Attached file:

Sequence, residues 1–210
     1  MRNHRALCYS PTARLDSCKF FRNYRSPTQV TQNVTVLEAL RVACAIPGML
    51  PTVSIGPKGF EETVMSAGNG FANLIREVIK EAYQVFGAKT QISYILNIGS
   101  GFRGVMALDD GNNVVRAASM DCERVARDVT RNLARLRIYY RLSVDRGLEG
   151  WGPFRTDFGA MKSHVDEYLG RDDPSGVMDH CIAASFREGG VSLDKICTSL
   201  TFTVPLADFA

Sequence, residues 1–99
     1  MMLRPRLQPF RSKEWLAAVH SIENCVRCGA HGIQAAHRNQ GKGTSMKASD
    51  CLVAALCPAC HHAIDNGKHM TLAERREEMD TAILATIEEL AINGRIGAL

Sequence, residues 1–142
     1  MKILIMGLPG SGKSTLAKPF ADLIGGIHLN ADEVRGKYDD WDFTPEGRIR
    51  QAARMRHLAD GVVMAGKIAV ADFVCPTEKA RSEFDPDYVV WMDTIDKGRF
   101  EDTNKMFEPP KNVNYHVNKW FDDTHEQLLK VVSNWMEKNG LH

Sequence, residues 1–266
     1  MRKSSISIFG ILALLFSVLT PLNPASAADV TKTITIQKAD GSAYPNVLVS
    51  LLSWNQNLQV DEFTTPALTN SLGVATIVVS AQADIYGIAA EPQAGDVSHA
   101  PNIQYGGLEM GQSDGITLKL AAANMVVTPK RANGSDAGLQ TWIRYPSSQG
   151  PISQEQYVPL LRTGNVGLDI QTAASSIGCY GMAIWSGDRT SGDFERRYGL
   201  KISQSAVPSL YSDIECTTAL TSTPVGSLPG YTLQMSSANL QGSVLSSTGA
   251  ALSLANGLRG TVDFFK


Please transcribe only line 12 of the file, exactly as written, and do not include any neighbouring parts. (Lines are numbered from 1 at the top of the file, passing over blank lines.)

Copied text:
    51  QAARMRHLAD GVVMAGKIAV ADFVCPTEKA RSEFDPDYVV WMDTIDKGRF